Pitt County community leaders say that COVID-19 rapid home testing kits have been a long time coming.

Church leaders and other county officials stopped by the Churches Outreach Network Community Center on Tuesday morning to pick up kits for distribution.

Pitt County has been chosen to be a part of “Say Yes! COVID Test,” a campaign to help reduce the spread of the virus.

Only two counties in the country were selected for the pilot program, being offered through the Centers for Disease Control and National Institutes of Health in collaboration with Duke University and the University of North Carolina-Chapel Hill.

The community center is responsible for distributing 5,000 of the 40,000 total kits available to Pitt County residents, according to the Rev. Rodney Coles, founder of the Churches Outreach Network.

“We should have been doing this before,” Coles said of home testing, only now becoming available. “I’m praying that the state, president, county and governor find money for this. We need to continue doing this. I always heard, ‘Don’t leave home without your American Express card.’ Now I say, ‘Don’t leave home without your coronavirus kit.’

“I hope they can find money and get these in all communities,” Coles said. “I’m glad Pitt County is one of the first, but we need this worldwide and we need nonprofits to keep working on it to get these kits out.”

Information on how to use the kits will be offered at the distribution sites. Information also can be found on Pitt County’s website.

Testing kits are available at American Legion Post 160, Holly Hill Free Will Baptist Church, the Philippi Missionary Baptist Church’s multipurpose building; the Pitt County Health Department, Philippi Church of Christ, Sycamore Hill Missionary Baptist Church and the Churches Outreach center.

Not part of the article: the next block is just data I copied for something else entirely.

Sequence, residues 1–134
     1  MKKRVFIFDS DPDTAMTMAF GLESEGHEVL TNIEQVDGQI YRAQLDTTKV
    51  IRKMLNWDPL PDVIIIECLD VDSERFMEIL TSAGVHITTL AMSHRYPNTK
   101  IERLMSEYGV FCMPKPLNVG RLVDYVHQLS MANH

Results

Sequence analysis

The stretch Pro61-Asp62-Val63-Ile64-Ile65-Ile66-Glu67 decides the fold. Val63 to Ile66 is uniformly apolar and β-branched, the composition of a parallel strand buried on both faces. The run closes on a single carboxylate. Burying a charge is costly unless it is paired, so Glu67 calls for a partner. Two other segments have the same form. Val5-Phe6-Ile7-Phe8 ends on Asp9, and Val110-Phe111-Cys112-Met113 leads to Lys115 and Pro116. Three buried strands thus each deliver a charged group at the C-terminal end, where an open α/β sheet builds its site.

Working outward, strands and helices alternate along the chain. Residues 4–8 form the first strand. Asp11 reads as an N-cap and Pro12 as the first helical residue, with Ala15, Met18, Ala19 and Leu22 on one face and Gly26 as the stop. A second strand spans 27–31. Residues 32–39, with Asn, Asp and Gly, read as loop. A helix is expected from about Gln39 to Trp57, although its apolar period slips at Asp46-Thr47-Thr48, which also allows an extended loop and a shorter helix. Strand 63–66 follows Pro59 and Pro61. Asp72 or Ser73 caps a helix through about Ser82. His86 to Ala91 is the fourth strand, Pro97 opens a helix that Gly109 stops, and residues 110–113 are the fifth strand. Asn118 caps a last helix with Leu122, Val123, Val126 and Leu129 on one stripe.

Bishop James Tripp, pastor at Holly Hill, said that his congregation is excited about the chance to test for the virus at home.

“They had a lot of questions about the test kit,” said Tripp. “How far they would have to swab, how effective is it at giving a true reading? But there is excitement about it, because some of these people are hesitant to go to a doctor or get tested.”

Bethel Mayor Gloristine Brown agreed that, for individuals in rural areas without transportation, the test kit is a step in the right direction north of the Tar River.

“We have a lot of citizens that have transportation problems,” Brown said. “Having these kits readily available when they start feeling any kind of symptoms, they don’t have to try to track down where they can go to get a test.

“This is a great idea for rural areas because of transportation,” she said. “We have a lot of elderly in Bethel who we will make sure know how to use these kits and not be afraid of these kits. It can serve as a comfort to them and as a comfort for the whole community.”

Brown also noted that hesitancy has been an issue in Bethel, a primarily Black community, when it comes to vaccination. She said that she has received her first dose of the Pfizer vaccine and is ready for her second next week. The mayor already has had COVID.

“I have lost family members to COVID,” Brown said. “I want to thank Pastor Coles for this community center to help with distribution for everyone.”

According to Pitt County Health Director John Silvernail, each kit contains 25 tests, meaning that 1 million tests will be available in the community. The plan is for two people in each household to conduct self tests for COVID-19 three times a week until tests are used up.

The intended population for tests are unvaccinated individuals and essential workers.

The county was chosen for the program due to its history with regional public health grants as well as the high rates of COVID-19 that have plagued the area since last March.

Contact Pat Gruner at pgruner@reflector.com and (252)-329-9566.